Inflation equals the difference between;
The amount of stuff you produce in a given period of time
The amount of money you printed off in that same given period of time
It is very simple. I've alluded to it before back in 2006, but that is basically all inflation is.
How much you produce, versus how much money you printed to buy all that you produced.
If you produce A LOT of goods and you do not increase the money supply, well then the value of the the dollars that are already existing goes up, in that those are the only dollars that can buy all the goods in the economy. However, if you print off a ton of money, WITHOUT a proportionate increase in the amount of goods you produce in an economy, well that's MORE dollars chasing after fewer goods.
The second scenario is the one we face today.
With Our Lord Obama printing off money like there's no tomorrow;
with the compensatory collapse in RGDP growth (on track to decrease by about 6% this year) we have a very simple "numerator/denominator" relationship that bodes ill for the nation;
The numerator (money supply) is going up.
While the denominator (RGDP growth) is going down.
Which will result in inflation.
The question is how much and I say 14%. Simply because we've printed off 14% more money than we've produced goods. The numbers behind my figures are thus;
Below is a bit messy of a chart showing the annual YOY (year over year) change in the money supply (measured by M1) versus the YOY change in RGDP. The difference between the two is the yellow line which should more or less correlate with inflation, and the current day difference between our production and money supply is 14%, thus the prediction.
However, as you see below, this inflation has not yet materialized. The yellow line (now blue) when correlated against actual inflation numbers does show a strong correlation historically. However, this correlation dissolves the closer and closer we get to 2009, the last data point actually showing DEFLATION rather than the predicted 14% inflation.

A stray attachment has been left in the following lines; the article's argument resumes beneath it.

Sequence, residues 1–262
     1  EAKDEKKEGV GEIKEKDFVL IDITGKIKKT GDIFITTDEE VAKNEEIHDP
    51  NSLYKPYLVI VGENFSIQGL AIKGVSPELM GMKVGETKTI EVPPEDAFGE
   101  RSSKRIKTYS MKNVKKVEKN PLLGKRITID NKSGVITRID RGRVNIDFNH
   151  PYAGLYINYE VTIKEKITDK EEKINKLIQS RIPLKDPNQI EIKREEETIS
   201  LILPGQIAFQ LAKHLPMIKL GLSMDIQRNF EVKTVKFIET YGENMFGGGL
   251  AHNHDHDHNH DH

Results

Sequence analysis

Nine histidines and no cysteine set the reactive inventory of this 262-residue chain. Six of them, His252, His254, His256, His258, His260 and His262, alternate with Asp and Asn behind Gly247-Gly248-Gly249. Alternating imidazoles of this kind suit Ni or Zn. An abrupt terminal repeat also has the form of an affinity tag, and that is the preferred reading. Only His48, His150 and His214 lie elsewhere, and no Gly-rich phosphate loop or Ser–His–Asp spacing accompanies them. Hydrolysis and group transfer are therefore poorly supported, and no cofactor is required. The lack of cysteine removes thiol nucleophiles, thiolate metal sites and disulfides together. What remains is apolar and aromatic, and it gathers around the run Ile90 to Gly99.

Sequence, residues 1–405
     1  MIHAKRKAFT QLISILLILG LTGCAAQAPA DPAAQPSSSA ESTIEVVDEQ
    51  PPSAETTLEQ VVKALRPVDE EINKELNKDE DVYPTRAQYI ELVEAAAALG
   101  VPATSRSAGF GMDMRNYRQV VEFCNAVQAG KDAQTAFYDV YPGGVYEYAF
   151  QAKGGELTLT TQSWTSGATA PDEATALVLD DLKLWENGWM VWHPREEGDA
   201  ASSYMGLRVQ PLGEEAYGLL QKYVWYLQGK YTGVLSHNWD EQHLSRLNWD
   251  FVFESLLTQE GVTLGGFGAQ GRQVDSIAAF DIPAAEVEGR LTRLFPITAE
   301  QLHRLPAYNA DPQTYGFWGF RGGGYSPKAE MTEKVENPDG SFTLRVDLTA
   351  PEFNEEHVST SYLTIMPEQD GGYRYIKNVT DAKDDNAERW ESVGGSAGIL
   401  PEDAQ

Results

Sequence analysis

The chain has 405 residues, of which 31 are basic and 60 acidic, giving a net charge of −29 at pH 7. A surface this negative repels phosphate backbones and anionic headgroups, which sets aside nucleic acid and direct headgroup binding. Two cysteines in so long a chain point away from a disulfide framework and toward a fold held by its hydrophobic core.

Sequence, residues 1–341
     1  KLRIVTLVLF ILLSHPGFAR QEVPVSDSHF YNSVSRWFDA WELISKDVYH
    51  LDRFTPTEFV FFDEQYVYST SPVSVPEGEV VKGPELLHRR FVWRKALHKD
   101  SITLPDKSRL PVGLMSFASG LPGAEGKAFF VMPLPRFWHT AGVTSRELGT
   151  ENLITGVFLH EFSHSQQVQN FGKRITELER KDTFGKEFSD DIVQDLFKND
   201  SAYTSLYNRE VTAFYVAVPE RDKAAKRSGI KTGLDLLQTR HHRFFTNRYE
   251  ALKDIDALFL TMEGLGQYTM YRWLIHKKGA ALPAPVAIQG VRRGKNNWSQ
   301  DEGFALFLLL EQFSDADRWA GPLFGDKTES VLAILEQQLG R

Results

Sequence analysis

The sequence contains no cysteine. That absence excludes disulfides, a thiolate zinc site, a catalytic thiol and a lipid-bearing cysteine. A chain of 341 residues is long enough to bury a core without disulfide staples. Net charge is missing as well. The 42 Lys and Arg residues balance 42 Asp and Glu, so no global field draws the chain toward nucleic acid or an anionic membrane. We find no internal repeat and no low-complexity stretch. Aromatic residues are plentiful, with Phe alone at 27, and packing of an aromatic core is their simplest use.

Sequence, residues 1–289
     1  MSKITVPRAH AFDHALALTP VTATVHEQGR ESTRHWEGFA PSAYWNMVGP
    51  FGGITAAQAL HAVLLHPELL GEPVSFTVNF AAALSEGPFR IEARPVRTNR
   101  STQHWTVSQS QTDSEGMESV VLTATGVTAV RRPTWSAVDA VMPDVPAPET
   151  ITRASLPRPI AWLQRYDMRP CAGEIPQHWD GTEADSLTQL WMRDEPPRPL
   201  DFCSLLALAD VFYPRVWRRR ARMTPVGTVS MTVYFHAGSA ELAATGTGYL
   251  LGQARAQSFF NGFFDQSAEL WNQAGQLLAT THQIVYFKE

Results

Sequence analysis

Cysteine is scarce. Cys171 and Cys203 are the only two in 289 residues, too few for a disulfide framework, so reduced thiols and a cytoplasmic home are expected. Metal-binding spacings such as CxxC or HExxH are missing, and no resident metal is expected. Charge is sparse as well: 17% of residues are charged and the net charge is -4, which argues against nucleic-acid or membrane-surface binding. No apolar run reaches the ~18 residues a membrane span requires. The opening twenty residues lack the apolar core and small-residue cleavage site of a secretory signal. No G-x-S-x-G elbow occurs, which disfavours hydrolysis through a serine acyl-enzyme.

Why the difference?
The answer; just wait.
Understand that inflation really is that simple. The more money you have chasing fewer goods will, MATHEMATICALLY, TO THE PENNY result in a very precise amount of inflation. It has to. The only reason it has not yet is because of two factors;
1. Asset bubbles- Investment assets such as housing and stocks do not go into the CPI/inflation calculation. This goes a long way in explaning the deterioration of the relationship between the yellow line and reported inflation since our last two bubbles have been in HOUSING and STOCKS. Had housing and stocks been incorporated into the CPI I guarantee you you would have had a much stronger correlation.
2. "Mopping up excess liquidity." - That phrase should be the "Saying of 2009." It's basically the government saying, "holy crap Batman, we got a TON of money floating around. If it gets into the real economy, we are going to have inflation that will make Mugabe look fiscally austere." Ergo, impotent measures such as "the Fed buying up all the toxic assets" or "issuing Fed bonds" or other such BS. Do what you want to "mop up excess liquidity" short of destroying dollars, those dollars are still there and will either make their way into the US economy (triggering inflation in the CPI) or remain in bubbles (housing, low interest bonds, etc.)
Regardless, in the end, this glut of money will inevitably make its way into the economy and will, by default, trigger inflation.
However, all hope is not lost. There is one solution to help resolve this weak dollar/inflation situation. We could boost the denominator of the Money Supply/GDP ratio. We could actually produce the GDP necessary to give those excess dollars out there some kind of value or worth.
Of course this would require lowering our corporate taxes below 40% to attact capital and investment here....and it would require lowering personal taxes so people once again have an incentive to work...and that would be assuming young Americans would be willing to work hard and long hours in productive fields such as computers, engineering or science which would require math...and practically nobody majoring in sociology or philosophy...and maybe the baby boomers could postpone retirement until they're 70 thereby shoring up the government finances...and people would have to take second jobs or maybe start a side business instead of watching American Idol...
You know on second thought, maybe it would just be easier to short the US dollar and invest in China.